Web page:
Why not learn English- 6th Article (By: Gulaid Mohammed Yassin “Dalha”)

Let me remind the honorable readers the great motivation poem by Kipling to posit that they will one day be a professor of the English language if strive and hard work are seen through respective actions done by the bookworms:

If you can dream – and not make dreams your master;
If you can think – and not make thoughts your aim,
If you can meet with Triumph and Disaster
And treat those two impostors just the same:.
If you can bear to hear the truth you’ve spoken
Twisted by knaves to make a trap for fools,
Or watch the things you gave your life to, broken,
And stoop and build’em up with worn-out tools;

Still on the move – we are ready to discuss the speaking task. This is the area most Somali people find challenging. It is worth taking into account for the impressive intelligence of Somali; however they grasp the speaker very smoothly, but the tangible problem is communicating him/her back. On the contrary, the English institutes put a great emphasis on the speaking – but unfortunately they beat through the bush. They regularly teach the so-called practice, every student should communicate a partner with a pre-taught lesson. The use of this word “practice” in Somaliland is utterly wrong. It does not mean to speak or to communicate, and I have never come across a single lexicographer who gives this meaning. We have read the books of the greatest lexicographers in this century and the past: Kate Woodford, Sally Wehmier, and John Sinclair. All of them give the well known meaning that is ubiquitous; something that is usually done to repeatedly improve skill or training. Every teacher who continues misinterpreting this word is barking up the wrong tree, and we need to turn his file down.


Although the speaking task is not examined in the Somaliland National Exam, I guess it would be a better idea to reiterate and posit the task to my beloved students and teachers in Somaliland to further know the information and spur their students to doing the task. First of all, as soon as the student comes in to the hall, he/she is settled down. The student also needs to get used to the situation. To do so, you will be asked some general questions about yourself, on some familiar topics such as: studies, travel, food, sport, family and exercise. The way an examiner asks you a question varies, but it is always common to start with an identifying question. Somali students are always talkative, so please be on the topic and be brief. Then you will be asked to express an opinion – start with I think, follow a reason if you can. You can also be asked to compare. Other skills that are assessed include describing, expressing preferences, and giving logical reasons. In the first stage of the test, you are not allowed to give in-depth answers but you can extend your answers with a long sentence. To help prepare for these sections, you can develop the vocabulary around the topic areas, and make sure you know the verb tense. All these are appropriate for answering the question. For example, if the interviewer asks you the question with a present simple, your answer must also be a present simple tense. In stage two, the examiner will give you a topic on a prompt card to talk about for one to two minutes. You will be allowed one minute to make notes. After your talk, the examiner will ask you a follow-up question. The topics are general. You could be asked an object which is important to you or a major festival in your country, like 18 May, or to describe an interesting place, like Berbera Red Sea. Let me illustrate the readers:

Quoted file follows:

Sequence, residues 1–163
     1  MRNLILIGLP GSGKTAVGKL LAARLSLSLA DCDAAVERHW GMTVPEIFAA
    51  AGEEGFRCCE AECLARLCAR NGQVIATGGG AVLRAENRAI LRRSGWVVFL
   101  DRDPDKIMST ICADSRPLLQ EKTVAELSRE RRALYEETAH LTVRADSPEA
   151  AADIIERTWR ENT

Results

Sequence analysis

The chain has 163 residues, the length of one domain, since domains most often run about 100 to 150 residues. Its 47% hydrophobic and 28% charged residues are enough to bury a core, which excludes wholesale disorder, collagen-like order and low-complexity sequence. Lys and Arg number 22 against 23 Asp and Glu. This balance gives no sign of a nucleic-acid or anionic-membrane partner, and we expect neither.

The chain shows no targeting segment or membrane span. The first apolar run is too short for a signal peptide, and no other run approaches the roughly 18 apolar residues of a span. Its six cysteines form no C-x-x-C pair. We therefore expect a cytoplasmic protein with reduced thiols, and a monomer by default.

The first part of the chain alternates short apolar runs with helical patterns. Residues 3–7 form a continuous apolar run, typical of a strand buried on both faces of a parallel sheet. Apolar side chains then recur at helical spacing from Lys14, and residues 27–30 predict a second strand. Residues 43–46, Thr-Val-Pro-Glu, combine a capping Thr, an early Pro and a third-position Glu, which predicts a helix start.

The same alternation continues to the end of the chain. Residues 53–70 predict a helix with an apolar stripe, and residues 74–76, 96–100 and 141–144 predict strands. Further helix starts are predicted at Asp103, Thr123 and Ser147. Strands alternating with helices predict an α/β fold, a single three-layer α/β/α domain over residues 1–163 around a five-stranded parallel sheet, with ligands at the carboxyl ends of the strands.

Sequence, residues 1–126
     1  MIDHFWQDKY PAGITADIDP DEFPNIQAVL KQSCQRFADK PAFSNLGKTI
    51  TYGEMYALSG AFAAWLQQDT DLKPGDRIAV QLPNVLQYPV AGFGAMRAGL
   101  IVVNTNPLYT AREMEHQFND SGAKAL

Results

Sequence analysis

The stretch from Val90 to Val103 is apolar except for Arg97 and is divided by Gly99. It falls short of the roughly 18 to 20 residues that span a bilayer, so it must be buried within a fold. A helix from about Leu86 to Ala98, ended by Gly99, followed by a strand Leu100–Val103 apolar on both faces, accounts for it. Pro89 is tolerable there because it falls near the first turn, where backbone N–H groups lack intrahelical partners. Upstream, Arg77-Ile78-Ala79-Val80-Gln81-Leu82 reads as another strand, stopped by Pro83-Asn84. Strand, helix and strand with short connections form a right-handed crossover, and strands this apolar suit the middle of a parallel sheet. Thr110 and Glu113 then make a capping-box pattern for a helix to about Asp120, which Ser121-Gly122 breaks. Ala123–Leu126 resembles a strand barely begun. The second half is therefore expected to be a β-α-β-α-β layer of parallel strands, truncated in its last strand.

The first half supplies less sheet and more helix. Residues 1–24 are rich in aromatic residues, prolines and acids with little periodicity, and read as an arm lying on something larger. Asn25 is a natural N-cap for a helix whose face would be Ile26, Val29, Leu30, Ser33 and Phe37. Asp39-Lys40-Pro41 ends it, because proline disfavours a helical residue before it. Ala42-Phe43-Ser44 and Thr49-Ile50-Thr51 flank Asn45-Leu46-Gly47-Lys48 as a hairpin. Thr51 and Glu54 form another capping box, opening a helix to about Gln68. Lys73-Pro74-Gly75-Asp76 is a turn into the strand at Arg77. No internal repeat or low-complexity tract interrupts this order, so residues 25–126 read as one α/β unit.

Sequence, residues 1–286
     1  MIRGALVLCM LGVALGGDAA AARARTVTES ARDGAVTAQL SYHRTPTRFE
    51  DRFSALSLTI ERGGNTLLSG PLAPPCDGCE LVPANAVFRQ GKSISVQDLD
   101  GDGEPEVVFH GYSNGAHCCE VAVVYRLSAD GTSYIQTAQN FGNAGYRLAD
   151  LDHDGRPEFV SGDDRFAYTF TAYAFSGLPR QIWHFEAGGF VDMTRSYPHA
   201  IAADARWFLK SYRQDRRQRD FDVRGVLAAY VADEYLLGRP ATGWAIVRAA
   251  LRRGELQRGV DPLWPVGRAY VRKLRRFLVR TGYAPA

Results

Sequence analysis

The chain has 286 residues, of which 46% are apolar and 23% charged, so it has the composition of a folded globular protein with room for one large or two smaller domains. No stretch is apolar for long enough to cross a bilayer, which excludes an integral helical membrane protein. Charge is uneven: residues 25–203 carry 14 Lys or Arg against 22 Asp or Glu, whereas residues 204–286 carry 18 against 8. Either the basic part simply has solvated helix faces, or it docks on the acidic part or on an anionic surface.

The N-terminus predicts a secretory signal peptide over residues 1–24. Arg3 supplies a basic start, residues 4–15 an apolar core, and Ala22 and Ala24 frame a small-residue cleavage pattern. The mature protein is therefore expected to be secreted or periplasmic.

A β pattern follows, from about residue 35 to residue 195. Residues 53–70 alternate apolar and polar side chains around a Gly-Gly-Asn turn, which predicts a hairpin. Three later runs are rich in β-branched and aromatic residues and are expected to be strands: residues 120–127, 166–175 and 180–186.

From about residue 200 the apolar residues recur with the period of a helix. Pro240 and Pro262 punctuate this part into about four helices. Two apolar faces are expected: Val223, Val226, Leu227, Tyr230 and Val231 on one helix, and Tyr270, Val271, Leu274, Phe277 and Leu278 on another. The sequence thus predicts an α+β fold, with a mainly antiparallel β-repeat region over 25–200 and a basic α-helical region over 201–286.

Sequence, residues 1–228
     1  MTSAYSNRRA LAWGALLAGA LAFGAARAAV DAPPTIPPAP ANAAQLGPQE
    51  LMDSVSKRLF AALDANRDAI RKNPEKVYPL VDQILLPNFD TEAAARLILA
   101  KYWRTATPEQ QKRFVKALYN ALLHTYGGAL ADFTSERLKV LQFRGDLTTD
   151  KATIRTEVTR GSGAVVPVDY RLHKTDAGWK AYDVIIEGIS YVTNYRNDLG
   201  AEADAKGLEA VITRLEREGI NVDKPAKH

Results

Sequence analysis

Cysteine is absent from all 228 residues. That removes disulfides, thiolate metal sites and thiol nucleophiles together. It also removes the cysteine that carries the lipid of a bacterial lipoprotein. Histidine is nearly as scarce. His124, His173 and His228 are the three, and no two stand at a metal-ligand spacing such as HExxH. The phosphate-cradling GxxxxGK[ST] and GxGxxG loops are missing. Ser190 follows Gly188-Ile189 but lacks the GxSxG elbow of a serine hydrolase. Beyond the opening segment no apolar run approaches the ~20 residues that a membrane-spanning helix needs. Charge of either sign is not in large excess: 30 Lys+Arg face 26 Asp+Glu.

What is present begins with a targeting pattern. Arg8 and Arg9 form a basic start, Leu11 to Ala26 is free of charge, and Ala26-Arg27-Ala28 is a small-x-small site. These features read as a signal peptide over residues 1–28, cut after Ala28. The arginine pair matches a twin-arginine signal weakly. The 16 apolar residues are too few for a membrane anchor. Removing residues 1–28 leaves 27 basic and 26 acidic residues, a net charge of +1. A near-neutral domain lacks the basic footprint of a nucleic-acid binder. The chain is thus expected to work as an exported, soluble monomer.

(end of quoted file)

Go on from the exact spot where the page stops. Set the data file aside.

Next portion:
What is written on the prompt card?

What are the advantages and disadvantages of going school or university field trips?

  • Educationally
  • Socially
  • Financially

Furthermore, you should write down words that remind you what to say. It is important to follow the notes you made earlier. Your topic should be organized clearly and be ready for the follow-up questions. Likewise, we need to enhance the fluency. This is the smoothness of your speech and you must avoid speaking too quickly as many Somali students do today. You must also use fillers to tell your listener that you have not finished, but you are thinking what to say next. To sum up, speaking is an outstanding aspect that needs for further explanation. The best advice I would simply give to someone who entices communicating is avoid correcting grammar and checking it. Simply say, retort and listen to.


Gulaid Mohammed Yassin(Dalha)